It’s interesting how most of my random thoughts come bursting out when I’m in a public place, but when I’m home alone I can sit there staring at the wall and be thinking of nothing. I guess it shows how much our brains are stimulated by what we see and hear. I tend to have random trains of thoughts, where my initial thought leads to another and another and it’s very possible I start out thinking about coffee and end up thinking about how to fix the world (I have yet to figure that out).
I was sitting at Starbucks reading eat, pray, love by Elizabeth Gilbert and this is how my train of thought went:
“It’d be really cool to write a book about my experiences in China. Of course, that would require a lot of writing. Although my blog posts and emails are often excruciatingly long anyway, so I don’t think it would take much more effort to write enough to fill a book.”
“I love writing. But to write a book, you need a beginning, middle, and end, or some sort of captivating story. Otherwise, it feels unfinished.”
“I guess that’s what blogs are for. Blogs are sort of like unfinished books. You have lot’s of anecdotes, words of wisdom, but there’s not really any finish. Unless you start and stop multiple blogs, which I’ve done.”
“What would I write about anyway? My experience isn’t that unique because I blend in so easily. I’m not blonde-haired and blue-eyed like most Chinese think Americans look like, stuck in a country where I don’t speak the language. I’m also not blonde-haired and blue-eyed speaking fluent Chinese, which eventually lands me a spot hosting my own TV show in Chinese. That’d be a good story. So, what? Chinese-American girl travels to China in her twenties to “find herself”? Finds herself stuck between two worlds, Western and Chinese, not knowing which world she belongs in?”
“What does that mean, anyway? To “find yourself”? Why is it that you find yourself in your twenties? Or you’re supposed to take time to do so. I think that self-identity is fluid. People change because the circumstances around you are always changing. Maybe I’m a patient person now, but maybe in a few years I’ll turn into one of those people who yells at the Starbucks barista for not making her Venti-decaf-half nonfat-half soy milk-2 pumps Vanilla-2 pumps Chai-extra hot-latte just right (yes, I’ve had to make drinks that complicated, and no, it’s not fun to be the barista in this situation).”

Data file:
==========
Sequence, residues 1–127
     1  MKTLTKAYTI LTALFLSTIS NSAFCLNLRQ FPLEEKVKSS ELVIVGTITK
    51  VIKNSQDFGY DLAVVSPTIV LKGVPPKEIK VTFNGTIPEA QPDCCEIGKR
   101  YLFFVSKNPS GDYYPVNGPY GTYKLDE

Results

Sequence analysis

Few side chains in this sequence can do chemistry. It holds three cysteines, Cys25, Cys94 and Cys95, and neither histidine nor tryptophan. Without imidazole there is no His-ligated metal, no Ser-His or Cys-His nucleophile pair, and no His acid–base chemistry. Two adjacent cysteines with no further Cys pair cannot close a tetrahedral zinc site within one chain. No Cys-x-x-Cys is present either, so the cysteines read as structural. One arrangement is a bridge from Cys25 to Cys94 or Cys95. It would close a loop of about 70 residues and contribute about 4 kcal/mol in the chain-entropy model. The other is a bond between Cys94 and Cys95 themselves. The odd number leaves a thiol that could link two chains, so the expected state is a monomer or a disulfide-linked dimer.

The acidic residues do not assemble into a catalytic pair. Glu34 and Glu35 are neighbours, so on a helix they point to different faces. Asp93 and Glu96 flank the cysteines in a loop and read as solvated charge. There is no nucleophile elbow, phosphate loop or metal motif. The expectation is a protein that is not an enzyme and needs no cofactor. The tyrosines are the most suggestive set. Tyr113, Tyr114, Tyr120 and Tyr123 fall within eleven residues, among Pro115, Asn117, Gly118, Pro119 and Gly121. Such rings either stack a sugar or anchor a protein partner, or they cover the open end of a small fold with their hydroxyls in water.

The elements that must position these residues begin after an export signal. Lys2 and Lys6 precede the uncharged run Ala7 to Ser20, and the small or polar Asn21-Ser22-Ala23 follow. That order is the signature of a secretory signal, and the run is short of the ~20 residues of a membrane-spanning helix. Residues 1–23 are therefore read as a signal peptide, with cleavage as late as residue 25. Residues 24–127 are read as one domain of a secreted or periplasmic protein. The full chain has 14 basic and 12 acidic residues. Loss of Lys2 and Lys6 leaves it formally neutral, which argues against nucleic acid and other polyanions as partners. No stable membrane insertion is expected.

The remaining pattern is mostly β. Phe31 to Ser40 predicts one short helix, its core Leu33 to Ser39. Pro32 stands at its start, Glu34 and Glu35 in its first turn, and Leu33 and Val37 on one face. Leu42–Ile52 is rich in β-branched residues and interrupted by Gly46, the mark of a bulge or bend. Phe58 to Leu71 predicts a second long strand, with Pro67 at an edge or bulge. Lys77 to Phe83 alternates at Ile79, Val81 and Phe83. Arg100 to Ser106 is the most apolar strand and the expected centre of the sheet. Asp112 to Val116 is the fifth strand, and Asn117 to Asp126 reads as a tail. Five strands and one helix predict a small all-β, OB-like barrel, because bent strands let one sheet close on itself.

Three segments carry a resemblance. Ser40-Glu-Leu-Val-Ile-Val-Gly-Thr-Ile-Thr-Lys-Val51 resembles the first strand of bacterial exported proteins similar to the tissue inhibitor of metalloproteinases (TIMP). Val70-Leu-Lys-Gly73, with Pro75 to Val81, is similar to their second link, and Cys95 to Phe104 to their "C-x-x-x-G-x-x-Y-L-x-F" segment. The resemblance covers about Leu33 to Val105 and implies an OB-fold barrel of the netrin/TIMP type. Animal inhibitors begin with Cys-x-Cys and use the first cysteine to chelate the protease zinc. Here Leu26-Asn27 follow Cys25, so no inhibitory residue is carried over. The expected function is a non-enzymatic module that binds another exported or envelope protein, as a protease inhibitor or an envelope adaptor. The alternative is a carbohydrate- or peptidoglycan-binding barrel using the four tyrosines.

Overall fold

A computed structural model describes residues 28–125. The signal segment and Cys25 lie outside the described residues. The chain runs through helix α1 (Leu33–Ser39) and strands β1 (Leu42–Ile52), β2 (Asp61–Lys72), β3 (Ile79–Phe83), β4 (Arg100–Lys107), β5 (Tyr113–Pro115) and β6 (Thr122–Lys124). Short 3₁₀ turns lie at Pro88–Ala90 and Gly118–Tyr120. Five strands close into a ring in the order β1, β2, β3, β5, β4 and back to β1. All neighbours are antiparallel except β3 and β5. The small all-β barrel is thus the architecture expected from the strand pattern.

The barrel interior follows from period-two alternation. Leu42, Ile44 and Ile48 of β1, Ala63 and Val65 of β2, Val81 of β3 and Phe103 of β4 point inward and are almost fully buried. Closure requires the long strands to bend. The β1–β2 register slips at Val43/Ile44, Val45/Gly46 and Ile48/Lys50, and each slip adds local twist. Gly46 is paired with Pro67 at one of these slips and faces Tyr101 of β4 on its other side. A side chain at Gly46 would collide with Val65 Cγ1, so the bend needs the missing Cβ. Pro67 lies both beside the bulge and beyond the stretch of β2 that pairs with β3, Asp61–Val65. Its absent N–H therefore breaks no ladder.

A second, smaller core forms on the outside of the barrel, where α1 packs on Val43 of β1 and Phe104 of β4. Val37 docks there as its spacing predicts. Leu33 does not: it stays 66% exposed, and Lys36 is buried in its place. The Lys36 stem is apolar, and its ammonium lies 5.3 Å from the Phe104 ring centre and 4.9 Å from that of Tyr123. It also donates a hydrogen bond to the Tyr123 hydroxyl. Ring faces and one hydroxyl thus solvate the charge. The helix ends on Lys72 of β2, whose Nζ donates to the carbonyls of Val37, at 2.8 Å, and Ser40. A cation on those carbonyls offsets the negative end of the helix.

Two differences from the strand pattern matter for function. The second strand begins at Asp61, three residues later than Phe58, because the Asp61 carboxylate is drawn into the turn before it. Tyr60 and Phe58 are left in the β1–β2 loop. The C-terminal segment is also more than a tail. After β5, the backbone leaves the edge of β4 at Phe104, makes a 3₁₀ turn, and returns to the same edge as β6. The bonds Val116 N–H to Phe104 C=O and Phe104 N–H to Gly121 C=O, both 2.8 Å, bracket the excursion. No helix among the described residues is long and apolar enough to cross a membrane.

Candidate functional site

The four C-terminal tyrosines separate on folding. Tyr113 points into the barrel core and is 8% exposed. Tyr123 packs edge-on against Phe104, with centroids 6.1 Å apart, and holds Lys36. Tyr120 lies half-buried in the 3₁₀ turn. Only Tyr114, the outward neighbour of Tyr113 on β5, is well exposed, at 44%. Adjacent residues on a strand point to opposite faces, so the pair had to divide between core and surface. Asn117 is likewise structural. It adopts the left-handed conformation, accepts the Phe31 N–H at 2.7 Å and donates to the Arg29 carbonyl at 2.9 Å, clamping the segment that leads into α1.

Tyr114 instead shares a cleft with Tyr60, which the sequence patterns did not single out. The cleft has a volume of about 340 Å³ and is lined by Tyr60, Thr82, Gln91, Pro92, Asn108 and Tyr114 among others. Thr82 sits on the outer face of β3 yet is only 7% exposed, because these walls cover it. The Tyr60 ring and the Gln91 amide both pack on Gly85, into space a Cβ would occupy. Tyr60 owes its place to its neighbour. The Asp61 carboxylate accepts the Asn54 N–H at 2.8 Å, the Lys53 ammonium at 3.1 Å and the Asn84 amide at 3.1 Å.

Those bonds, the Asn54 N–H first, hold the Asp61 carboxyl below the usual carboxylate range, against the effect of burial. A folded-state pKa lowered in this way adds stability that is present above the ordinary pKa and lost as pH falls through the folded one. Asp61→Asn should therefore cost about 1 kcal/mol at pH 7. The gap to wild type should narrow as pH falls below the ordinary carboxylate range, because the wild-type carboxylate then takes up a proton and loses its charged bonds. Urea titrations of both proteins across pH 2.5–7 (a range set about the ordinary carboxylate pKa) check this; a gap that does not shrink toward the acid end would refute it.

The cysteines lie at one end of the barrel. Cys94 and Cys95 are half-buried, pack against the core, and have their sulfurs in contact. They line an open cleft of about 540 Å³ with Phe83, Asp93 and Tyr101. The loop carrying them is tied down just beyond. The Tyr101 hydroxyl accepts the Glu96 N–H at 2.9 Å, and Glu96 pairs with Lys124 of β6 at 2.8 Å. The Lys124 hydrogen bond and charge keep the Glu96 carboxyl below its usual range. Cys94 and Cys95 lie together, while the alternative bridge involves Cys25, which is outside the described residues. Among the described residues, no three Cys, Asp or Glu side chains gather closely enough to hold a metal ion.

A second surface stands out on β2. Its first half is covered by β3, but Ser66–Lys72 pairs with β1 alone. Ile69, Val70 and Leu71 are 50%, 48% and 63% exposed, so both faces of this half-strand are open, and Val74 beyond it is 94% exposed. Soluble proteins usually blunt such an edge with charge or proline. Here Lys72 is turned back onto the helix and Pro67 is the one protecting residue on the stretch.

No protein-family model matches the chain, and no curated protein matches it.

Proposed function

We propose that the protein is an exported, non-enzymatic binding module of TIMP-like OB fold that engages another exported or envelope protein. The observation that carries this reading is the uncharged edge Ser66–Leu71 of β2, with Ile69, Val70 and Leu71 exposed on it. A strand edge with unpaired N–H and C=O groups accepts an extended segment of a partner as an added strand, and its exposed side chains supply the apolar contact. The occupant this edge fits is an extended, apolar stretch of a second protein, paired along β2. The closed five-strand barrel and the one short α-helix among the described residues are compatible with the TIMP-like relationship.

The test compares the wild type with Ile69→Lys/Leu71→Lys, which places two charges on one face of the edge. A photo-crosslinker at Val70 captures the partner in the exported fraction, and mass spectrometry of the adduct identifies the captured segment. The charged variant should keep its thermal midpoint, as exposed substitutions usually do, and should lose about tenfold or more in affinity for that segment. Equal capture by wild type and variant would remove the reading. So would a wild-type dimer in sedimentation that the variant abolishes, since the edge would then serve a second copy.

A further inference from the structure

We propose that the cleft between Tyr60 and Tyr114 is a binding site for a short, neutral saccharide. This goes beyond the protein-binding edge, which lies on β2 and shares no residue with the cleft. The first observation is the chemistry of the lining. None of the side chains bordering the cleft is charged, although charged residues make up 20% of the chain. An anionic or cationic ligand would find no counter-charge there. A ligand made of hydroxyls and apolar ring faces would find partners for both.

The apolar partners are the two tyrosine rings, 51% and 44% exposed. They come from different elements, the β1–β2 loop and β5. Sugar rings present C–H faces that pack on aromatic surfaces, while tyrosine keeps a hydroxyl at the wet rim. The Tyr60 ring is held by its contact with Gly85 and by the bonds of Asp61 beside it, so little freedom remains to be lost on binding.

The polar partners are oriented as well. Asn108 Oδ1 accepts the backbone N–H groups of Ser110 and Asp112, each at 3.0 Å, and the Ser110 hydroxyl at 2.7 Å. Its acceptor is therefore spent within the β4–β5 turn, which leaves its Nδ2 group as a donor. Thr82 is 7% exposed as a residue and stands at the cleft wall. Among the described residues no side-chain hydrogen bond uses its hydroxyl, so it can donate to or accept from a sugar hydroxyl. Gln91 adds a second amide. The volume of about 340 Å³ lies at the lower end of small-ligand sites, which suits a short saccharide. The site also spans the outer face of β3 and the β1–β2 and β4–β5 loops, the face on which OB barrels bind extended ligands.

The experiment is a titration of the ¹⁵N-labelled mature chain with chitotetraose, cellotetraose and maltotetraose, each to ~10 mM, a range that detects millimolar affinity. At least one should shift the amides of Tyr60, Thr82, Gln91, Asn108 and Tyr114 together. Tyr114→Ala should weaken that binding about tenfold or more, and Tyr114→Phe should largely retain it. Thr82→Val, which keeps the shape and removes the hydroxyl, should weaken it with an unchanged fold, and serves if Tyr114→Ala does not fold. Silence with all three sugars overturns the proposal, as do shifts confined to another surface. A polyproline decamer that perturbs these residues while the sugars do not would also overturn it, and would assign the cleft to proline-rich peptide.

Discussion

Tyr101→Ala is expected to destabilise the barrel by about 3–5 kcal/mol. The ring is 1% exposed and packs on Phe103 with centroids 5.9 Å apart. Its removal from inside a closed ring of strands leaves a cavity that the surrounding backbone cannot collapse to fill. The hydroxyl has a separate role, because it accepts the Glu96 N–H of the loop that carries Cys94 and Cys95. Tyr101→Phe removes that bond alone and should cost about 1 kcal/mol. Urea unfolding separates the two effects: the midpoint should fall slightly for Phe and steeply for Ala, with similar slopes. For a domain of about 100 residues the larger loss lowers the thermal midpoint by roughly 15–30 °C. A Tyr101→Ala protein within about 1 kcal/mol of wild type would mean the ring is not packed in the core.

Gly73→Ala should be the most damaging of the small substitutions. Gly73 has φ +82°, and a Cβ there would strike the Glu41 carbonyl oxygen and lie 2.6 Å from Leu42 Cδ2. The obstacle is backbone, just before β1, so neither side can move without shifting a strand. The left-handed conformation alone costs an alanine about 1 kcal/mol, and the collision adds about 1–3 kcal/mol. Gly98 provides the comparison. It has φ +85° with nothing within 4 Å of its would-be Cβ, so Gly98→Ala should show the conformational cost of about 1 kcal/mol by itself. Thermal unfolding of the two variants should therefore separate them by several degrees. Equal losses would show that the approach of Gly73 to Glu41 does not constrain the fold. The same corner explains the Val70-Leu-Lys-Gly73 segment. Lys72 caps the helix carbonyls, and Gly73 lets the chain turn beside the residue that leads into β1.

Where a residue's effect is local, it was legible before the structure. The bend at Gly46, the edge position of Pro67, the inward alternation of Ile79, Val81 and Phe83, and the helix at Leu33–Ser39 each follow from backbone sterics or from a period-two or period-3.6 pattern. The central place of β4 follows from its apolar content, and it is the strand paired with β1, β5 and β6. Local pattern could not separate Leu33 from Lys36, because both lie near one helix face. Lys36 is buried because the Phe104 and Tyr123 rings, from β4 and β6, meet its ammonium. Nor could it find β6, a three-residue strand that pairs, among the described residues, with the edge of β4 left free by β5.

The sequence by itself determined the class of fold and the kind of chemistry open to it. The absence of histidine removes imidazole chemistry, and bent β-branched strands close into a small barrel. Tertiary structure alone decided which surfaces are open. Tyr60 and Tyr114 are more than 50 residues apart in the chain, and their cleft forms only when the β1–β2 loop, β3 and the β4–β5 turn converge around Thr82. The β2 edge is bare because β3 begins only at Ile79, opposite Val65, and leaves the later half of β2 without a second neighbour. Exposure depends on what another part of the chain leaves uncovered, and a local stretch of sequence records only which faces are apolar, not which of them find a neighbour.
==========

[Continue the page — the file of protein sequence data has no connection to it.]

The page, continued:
To continue on my last thought, I find it an interesting phenomenon. The whole American idea that your twenties is a time for you to find yourself, figure out who you are. Does that mean professionally? It would make sense, since a lot of people continue further education immediately after undergrad. And usually it’s with a goal in mind of being an expert in a particular field. That’s why some people “take a year off” to try to figure out what they want to do, maybe work different jobs to see how they like it. Personally, I think it’s just an excuse to take a year off and bum around sleeping in and watching TV, which you justify by spending 10 minutes of your day searching the want ads. But in the land of dreams, of “be whatever you want to be,” there is also the option of switching careers later in life, which many people do.
So does that mean that all your soul-searching in your twenties was wasted? All that time you spent studying to be a doctor is thrown out the door when you decide to open your own restaurant instead? No, I don’t think so. Because people are constantly changing. And that time you spent as a doctor is as crucial to shaping who you were then as opening your own restaurant is to shaping who you are now. Which is why I don’t understand what it means to figure out who you are. I do have a tendency to believe that when people say that in America, it is referring to who you are professionally. I think a lot of people define themselves by their professions, especially when they hold high positions. I guess being here in China, that’s one thing that has changed about my thinking. I’m seeing that there is a lot more to self-identity than what job you hold at the moment. Which is ironic because I’m in a country which places a HUGE value on face and social status. But I guess I’ve been blessed that the people surrounding me don’t care about things like that.
Suddenly hit a road block in my thoughts. Not sure where to go from here without being repetitive. Maybe figuring out who you are means figuring out what you want in life. But then, can’t you start thinking about that earlier? Who’s to say high-schoolers don’t know what they want out of life? Maybe when we’re 25, we think that high-schoolers can’t know because they’re too young and immature. But that’s all relative. Maybe a 40 year-old thinks a 25 year-old can’t know what he/she wants because he/she is too young and immature. The older we get, the wiser we think we are compared to younger generations. But there are people who grow up their whole lives knowing they’re going to be not only a teacher, but a history teacher at an inner-city high school. And there’s also people who are 60 and feel like no matter how many different jobs they’ve held, they still weren’t satisfied with what they accomplished.
I know there’s an underlying reason for these thoughts. That’s the reason I keep going around in circles. Usually when I do that, my thoughts form the shape of a tornado and I keep circling down until I reach the bottom of the funnel, where lies what I’m really trying to say. I just haven’t reached it yet.